OLR Research Report

April 23, 2001





By: Jack J. Burriesci, Legislative Fellow

You asked for general information on license plate readers used by U.S. Customs officials at border crossings.


License plate readers (LPRs) are part of a joint technology initiative between the U.S. Customs Service and the Immigration and Naturalization Service (INS). They are used at various Mexican and Canadian border crossings. LPRs are designed to automatically read front and rear license plates of vehicles entering and leaving the country. Prior to adopting this technology, inspectors manually entered license plate information into a computer for processing.

The U.S. Customs Service has a contract with Perceptics to install the LPR system. The cost is approximately $87,000 per inbound lane and $93,000 per outbound lane. When the contract expires in September 2002, LPRs will be operational at all Southern and at most Northern border crossings.


LPR systems convert the picture of a license plate to data that includes the vehicle's alphanumeric license plate, state or province of origin, the date and time, and the location. The system sends the information to the Interagency Border Inspection System, where checks are done against the Treasury Enforcement Communications System and National Criminal Information Center (NCIC), as well as various INS databases. If matches are found, customs officers are notified by the system within three seconds after the LPR's initial plate reading. This alerts officers if there is a lookout for a stolen vehicle, wanted felon, custom's fugitive, or armed and dangerous criminal associated with the vehicle. Also, how many times the vehicle crossed a border in the last 72-hours is displayed.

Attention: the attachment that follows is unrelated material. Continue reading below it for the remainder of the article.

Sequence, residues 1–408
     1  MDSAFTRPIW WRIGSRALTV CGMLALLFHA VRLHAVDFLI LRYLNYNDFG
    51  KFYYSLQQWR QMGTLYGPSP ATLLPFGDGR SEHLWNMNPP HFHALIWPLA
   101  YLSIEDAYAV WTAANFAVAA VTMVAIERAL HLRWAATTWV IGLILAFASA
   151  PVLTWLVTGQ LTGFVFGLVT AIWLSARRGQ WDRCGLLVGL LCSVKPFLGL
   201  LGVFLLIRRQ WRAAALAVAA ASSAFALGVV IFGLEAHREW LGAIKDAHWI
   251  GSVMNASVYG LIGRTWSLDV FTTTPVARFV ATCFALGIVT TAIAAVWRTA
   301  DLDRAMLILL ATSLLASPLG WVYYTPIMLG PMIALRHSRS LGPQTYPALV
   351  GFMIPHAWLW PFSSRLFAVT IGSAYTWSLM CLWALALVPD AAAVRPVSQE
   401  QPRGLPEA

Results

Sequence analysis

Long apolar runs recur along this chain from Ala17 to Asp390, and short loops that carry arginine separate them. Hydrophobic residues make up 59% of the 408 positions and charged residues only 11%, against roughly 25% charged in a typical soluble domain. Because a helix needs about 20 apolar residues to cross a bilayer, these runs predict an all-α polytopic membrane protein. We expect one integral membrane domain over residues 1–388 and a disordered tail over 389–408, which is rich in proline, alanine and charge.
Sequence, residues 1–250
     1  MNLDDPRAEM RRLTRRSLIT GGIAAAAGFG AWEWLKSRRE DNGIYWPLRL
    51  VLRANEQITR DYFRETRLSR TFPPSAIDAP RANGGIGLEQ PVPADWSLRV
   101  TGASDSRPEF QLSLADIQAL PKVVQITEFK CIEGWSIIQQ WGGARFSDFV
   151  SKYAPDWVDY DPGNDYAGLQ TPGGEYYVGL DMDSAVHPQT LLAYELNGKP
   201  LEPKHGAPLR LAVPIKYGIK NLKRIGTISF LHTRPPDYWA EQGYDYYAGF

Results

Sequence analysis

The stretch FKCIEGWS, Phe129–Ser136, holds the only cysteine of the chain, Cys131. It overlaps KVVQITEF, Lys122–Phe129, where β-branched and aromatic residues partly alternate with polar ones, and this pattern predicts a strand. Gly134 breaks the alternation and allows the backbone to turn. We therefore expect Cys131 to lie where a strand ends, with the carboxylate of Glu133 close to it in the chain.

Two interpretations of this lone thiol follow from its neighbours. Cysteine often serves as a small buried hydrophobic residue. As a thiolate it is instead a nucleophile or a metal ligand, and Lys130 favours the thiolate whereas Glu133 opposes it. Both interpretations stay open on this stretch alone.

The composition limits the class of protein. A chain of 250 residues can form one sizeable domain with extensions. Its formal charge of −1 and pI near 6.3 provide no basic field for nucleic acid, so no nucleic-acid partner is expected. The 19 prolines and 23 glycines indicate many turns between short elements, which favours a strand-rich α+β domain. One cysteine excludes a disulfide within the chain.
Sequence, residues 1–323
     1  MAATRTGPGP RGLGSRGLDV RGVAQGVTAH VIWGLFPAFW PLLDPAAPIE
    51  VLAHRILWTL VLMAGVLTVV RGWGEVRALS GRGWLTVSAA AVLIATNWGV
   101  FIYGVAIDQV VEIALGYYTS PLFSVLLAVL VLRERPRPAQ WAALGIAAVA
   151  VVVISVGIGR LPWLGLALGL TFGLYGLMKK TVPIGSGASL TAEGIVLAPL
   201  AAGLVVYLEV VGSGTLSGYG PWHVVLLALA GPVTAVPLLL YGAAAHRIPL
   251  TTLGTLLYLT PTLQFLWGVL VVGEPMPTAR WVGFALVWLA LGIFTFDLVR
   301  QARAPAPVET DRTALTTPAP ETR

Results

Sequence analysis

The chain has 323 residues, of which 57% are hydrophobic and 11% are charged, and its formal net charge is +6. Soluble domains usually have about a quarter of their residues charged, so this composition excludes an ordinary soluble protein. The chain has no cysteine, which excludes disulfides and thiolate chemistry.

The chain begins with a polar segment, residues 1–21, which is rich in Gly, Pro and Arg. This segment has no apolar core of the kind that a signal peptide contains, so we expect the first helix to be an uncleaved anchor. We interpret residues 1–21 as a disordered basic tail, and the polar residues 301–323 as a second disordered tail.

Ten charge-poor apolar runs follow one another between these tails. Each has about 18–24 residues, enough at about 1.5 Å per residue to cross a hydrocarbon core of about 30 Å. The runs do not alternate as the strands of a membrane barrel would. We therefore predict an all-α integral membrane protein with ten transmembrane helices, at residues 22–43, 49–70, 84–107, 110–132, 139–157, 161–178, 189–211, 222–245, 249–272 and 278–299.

U.S. Customs Service reports that 90% of all plates are read and inputted accurately. LPR reads and queries plates against the databases in one second. To achieve this speed and accuracy, the system is programmed to read only the most common plate types at a particular port.


In 1993, the U.S. Customs Service signed a development contract with Perceptics of Knoxville, Tennessee (a wholly-owned subsidiary of Northrop Grumman Corporation) to install a LPR system for 57 inbound lanes and 14 outbound lanes at various ports of entry in California, Maine, Minnesota, and Washington. The LPRs were first installed at all 24 northbound lanes at the San Ysidro, California port of entry in 1997.

In 1998, the U.S. Customs Service signed a $29 million agreement with Perceptics to install LPRs at an additional 246 inbound and 128 outbound lanes at 19 Northern border and 34 Southern border crossings. The cost of the system is approximately $87,000 per inbound lane and $93,000 per outbound lane. According to the U.S. Customs Service, when the contract expires in September 2002, LPRs will be operational at all Southwestern border crossings and at most Northern border crossings.

The contact person at Perceptics is Roger Leach. He can be reached at (865) 671-9311, or on the Internet at